The timely tweaks in Majora's Mask 3D

The Legend of Zelda: Majora's Mask will be nearly 15 years old by the time it returns in remastered form in February, coinciding with the launch of Nintendo's New 3DS XL. First released for the Nintendo 64, the unorthodox adventure has since steeped in praise for its strict structure and melancholy premise. Traveling back and forth through time, the hero of Majora's Mask helps the doomed inhabitants of Clock Town escape their final 72 hours, just days before they're crushed by an evil head from outer space. It's almost the saddest Star Trek episode.

Considered a classic for many reasons and frequently protested by pro-lunar groups (for its intense vilification of moons), Majora's Mask is nevertheless a creaky product of its time. Revisiting it now raises a question faced by many remakes, especially those with seniority: Is accurate preservation the best way to serve a cherished game, or can the game be meaningfully improved to match the embellishments of a fond memory? Nintendo has decided, as it did with 2011's Legend of Zelda: Ocarina of Time remake for 3DS, to pursue slight improvements alongside an obvious graphical update.

A New Quest Log

Key in advancing through Majora's Mask is proper time management, with Link eventually dashing through Clock Town on a schedule of sorts. People still have their lives in Clock Town, even as they're winding down to their last three days in Termina. If Link is to succeed, he has to listen to rumors, be in the right places at the right times and adhere to a plan – and he gets better each time he restarts his loop through time.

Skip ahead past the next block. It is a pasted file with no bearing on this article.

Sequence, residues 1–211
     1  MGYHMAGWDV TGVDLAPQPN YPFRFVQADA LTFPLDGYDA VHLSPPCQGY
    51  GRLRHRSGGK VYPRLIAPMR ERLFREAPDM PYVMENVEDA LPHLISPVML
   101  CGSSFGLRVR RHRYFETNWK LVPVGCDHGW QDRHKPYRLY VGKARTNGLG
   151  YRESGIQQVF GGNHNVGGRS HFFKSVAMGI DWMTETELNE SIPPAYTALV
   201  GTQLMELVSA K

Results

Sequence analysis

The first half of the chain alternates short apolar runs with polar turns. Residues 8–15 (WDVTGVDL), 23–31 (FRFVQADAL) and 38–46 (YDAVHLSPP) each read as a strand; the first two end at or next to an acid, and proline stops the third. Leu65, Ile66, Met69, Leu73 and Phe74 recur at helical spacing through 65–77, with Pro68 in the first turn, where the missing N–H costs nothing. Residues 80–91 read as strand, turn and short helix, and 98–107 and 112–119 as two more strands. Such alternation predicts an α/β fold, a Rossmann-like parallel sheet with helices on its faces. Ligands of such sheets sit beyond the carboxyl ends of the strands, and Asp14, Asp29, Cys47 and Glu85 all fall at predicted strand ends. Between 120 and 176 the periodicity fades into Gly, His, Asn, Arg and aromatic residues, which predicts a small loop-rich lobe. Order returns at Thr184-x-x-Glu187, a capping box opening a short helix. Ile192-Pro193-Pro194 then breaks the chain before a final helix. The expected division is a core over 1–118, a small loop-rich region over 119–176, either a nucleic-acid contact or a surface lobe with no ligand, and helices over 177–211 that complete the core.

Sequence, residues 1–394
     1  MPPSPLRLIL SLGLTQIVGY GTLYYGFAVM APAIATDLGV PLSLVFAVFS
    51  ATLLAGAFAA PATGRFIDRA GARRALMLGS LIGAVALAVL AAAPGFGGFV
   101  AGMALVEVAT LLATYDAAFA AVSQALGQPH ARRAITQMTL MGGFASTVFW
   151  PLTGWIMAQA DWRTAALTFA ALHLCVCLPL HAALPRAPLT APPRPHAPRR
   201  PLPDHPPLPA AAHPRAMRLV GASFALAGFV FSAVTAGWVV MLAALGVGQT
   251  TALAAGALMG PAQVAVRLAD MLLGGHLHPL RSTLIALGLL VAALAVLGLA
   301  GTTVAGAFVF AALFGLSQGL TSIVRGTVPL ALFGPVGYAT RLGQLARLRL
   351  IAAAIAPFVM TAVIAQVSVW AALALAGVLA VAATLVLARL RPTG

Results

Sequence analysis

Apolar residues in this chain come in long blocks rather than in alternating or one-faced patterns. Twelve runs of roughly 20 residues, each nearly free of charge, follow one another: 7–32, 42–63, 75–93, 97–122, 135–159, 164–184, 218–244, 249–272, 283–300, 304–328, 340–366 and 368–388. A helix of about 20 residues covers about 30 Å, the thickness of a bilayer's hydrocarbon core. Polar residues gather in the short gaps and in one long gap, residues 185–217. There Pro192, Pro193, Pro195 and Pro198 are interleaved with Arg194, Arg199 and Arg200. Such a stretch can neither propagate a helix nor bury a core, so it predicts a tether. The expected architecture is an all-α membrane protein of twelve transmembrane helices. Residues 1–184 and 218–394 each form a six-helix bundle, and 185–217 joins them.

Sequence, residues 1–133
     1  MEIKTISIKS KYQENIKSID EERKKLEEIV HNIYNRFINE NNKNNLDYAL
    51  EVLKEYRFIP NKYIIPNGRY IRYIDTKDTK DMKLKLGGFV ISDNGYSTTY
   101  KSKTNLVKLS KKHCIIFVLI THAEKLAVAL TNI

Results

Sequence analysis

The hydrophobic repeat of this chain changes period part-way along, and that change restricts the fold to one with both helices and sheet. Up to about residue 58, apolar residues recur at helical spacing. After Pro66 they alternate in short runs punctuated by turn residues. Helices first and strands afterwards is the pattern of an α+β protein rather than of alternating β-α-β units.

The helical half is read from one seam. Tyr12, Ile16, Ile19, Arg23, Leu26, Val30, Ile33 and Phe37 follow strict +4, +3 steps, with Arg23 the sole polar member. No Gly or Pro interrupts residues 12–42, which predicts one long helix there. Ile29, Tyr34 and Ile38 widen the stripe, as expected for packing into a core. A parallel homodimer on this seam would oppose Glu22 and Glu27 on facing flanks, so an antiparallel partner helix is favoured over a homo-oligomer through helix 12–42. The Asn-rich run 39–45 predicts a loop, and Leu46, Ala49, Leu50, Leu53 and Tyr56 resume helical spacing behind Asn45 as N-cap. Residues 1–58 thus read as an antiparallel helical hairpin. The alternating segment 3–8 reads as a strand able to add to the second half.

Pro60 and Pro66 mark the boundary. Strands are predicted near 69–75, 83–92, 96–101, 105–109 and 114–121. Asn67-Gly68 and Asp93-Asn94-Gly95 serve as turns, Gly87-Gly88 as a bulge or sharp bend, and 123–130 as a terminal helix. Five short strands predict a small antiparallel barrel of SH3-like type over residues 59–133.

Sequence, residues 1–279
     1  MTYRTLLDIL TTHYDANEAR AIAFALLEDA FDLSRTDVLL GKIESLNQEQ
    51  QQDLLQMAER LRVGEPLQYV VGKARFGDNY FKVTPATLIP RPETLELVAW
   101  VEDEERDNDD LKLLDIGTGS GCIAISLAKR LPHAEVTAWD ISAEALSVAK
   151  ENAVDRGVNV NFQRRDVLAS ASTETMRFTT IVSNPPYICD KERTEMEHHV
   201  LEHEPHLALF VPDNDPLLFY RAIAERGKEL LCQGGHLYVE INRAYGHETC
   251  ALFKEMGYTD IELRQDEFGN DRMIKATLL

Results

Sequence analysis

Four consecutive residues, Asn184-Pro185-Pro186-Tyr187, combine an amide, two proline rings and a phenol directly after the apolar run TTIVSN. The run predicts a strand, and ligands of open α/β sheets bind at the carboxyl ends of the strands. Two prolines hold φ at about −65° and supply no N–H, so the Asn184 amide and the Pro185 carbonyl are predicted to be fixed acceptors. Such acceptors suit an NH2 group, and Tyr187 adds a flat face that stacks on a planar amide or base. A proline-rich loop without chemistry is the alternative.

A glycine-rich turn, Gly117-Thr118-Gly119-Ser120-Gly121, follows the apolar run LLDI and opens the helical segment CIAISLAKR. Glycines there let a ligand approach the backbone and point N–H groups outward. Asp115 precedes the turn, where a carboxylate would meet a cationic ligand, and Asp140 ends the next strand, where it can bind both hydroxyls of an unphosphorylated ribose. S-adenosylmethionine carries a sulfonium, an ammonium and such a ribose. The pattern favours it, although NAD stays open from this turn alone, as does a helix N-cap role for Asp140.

To help keep track of who needs what, and when, the "Bombers' Notebook" item has been changed to resemble a modern quest log, with menus split into ongoing quests, rumors that may point to new quests, and completed quests. Before its 3D facelift, the notebook, given to Link by a gang of feisty boys calling themselves the "Bombers Secret Society of Justice," depicted a summarized timeline of events, with stickers denoting Link's progress in making appointments, completing tasks and finishing all tasks for an individual. Now, you have an organized view of quests and timely appointments, and can even set alarms to warn you of impending events and meetings. It's just like real life!

Simplified Saving

According to Alison Rapp, Product Marketing Specialist for Nintendo's Treehouse team, Majora's Mask 3D is also streamlining the save system. The only way to save progress is to visit an owl statue, though Rapp says more of them have been scattered around the land of Termina to allow for a swift exit from the portable game.

Time Travel by the Hour

Link's magical ocarina (and other instruments, depending on which mask he's wearing) again plays a central role in his movements through time, with different songs altering the world or time in several ways. The Song of Double Time pushes the clock forward if you don't have anything else to do, for example, but it would only advance you in 12-hour increments in the original game. This time, Rapp says, you can speed up to any hour of the current day.

And Finally

Beyond the tweaks to how time is handled, Rapp says Majora's Mask 3D also makes substantial adjustments to boss battles (making it harder to exploit failings in their attack patterns), the map screen and ... fishing poles. Now you've got two fishing poles, meant to catch ten types of fish each.

Well, they didn't mess with that part of Legend of Zelda. In the literal face of impending earthly doom, there's still time for fishing in Majora's Mask.

[Images: Nintendo]